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24 July 2007

Always get a survey done

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by Brian Turner

Always get a survey done

The title says it all – Always Get A Survey Done!

I know from experience – even my 4 year old new build property from Barratts has suffered a range of issues, from leaking pipes, poor installation of double glazing, a failed boiler, and minor damp issues.

Although not all of these would be caught by a basic survey, the point is that unless the property is under 2 years of age – and therefore covered by a NHBC guarantee – then the condition of the property needs to be properly assessed, as you have nothing to fall back on but your own wallet if any problems do arise.

The trouble is, with the rising costs of buying a property in the UK – the property itself, the legal fees, estate agency fees, moving fees, stamp duty, insurance, the mortgage arrangement fees, etc – the temptation is to cut out anything that can save costs.

Such as a survey.

But of all the costs when buying a property, a survey is probably the most worthwhile, because it can forewarn you of very real costs you could find yourself with after buying the property – it’s probably the only financial outlay in buying a property that could save you money in the long-term.

Certainly HIPS packs require a survey to be included in the overall pack, but as the UK government has found itself having to slowly introduce the scheme, properties with less than four bedrooms don’t need a HIPS – which means there’s no compulsory survey involved. So buyers of homes and other properties not yet covered should never consider a survey to be a disposable option.

Types of survey

There are three main types of survey:

Mortgage Survey

This is really just a comparison pricing report based on property sale prices in the area, relative to the design and construction and overall features of the property in question.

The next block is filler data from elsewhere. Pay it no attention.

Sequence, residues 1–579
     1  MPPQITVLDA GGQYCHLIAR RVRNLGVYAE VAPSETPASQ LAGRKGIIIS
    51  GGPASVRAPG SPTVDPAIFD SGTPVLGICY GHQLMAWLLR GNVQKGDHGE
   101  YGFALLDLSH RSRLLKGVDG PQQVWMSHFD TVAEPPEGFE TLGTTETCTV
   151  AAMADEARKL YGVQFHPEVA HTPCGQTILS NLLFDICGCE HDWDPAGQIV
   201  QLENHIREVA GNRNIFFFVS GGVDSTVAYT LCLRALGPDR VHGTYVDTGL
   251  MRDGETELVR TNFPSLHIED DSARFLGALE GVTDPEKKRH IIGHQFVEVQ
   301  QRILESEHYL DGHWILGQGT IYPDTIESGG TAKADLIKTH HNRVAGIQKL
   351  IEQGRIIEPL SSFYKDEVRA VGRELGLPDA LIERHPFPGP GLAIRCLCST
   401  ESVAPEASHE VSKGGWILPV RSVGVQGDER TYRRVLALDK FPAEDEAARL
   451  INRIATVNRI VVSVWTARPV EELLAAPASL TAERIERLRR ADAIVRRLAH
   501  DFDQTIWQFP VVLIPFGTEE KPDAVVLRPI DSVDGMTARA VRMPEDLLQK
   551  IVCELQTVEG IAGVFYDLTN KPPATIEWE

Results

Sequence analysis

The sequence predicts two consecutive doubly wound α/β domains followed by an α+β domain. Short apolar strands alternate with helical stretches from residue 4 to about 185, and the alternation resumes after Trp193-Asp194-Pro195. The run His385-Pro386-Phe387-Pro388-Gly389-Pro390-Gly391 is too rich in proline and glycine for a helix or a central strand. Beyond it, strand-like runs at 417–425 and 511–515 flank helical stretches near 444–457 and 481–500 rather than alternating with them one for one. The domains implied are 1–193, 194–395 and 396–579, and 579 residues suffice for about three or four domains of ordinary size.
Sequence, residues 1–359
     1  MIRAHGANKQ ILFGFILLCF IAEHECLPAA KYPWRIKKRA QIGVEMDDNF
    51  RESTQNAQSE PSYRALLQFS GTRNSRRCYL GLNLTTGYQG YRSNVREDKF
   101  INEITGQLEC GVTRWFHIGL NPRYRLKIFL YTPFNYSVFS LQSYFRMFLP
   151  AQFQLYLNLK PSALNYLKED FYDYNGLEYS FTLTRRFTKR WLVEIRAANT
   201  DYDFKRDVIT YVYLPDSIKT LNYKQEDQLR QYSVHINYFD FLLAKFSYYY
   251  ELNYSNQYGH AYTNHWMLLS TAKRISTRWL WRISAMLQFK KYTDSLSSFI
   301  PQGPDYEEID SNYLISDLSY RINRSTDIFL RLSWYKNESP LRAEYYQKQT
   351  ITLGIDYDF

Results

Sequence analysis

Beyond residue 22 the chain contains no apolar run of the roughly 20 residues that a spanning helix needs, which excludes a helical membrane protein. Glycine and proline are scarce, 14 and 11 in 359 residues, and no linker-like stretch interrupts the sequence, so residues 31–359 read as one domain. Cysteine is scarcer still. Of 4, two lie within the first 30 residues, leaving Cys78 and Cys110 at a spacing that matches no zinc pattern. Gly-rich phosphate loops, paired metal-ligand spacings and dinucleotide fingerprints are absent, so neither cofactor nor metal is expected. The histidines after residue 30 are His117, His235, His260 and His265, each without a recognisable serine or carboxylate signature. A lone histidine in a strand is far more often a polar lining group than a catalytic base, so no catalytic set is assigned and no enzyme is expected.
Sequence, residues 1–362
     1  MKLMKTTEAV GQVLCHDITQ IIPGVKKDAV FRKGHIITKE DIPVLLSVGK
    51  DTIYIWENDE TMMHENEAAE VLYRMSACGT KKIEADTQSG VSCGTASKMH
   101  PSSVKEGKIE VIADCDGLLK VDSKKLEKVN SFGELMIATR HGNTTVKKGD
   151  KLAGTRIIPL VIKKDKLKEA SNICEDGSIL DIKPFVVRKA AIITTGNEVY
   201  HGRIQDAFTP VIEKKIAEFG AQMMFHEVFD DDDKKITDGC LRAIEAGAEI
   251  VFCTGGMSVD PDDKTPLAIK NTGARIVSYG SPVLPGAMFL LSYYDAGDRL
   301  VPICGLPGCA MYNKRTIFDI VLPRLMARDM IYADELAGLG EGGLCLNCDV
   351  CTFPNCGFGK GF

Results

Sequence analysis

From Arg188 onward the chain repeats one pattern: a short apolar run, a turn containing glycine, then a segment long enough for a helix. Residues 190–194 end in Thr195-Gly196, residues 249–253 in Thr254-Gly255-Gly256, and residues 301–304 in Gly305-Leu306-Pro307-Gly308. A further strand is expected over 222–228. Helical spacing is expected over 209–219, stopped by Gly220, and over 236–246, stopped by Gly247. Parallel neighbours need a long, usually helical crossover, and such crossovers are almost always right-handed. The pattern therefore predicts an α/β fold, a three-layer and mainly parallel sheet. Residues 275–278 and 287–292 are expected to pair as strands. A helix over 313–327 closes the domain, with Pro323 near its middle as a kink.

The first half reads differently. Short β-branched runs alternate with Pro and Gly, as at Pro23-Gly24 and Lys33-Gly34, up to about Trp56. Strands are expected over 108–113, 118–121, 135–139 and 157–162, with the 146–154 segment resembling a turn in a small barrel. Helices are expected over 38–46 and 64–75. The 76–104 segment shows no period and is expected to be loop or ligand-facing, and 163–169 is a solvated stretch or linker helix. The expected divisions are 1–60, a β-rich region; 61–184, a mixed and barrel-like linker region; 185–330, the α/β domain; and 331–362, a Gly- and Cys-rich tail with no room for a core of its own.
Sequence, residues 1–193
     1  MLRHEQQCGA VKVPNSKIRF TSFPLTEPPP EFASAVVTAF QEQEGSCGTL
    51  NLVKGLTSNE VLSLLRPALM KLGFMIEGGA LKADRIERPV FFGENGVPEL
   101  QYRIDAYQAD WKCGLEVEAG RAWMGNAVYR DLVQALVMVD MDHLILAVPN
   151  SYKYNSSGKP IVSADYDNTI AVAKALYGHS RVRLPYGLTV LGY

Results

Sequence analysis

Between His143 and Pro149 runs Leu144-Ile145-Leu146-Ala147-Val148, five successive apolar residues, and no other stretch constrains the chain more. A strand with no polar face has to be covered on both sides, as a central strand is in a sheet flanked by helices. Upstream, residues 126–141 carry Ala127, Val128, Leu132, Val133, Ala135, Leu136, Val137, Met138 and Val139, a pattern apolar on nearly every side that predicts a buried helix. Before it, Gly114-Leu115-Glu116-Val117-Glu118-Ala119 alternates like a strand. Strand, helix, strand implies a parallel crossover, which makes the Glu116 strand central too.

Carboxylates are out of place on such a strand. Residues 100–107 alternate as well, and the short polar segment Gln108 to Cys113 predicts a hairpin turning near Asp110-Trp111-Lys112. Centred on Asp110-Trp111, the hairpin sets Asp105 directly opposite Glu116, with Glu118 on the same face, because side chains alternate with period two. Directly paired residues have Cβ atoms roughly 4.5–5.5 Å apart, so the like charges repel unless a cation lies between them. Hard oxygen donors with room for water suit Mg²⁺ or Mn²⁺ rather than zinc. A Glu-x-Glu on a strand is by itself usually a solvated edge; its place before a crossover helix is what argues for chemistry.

The important thing to realise is that this is really just to determine whether the selling price being offered for the property is a reasonable one, as mortgage companies usually see it as an unacceptable risk to offer a mortgage far over the reasonable value of a property.

A mortgage survey is also compulsory when applying for a mortgage.

But a mortgage survey tells you nothing about the actual condition of the property being surveyed.

Homebuyers Survey and Valuation (HSV, HBSV or Homebuyer Report)

This is a far more detailed report, and while it will provide information on the property value, it especially concerns itself with the general condition of the property, focusing on visible and easily detectable issues that may required further attention.

This includes obvious significant detects, especially where further investigation is recommended before an exchange of contract.

A HBSV should also test walls and floors for signs of dampness, rot, and also woodworm, as well as comment overall on the existence and condition of insulation and damp-proofing works, etc.

Suggested insurance costs where issues are detected should also be provided.

Overall, this is probably the most common type of survey that you’ll really need carried out if you want to protect yourself for the future on a new property purchase.

Building Survey

A Building Survey does what it says on the tin – it does pretty much all of the above (commonly excepting a valuation) but additionally goes into great technical detail about the construction of the property, materials used, and likely issues relating to the property.

These tend to be recommend in less common circumstances, such as if you’re looking to renovate a property or else buy a property built before 1900.

Recommendations and comments can then be made according to the individual requirements of the property.

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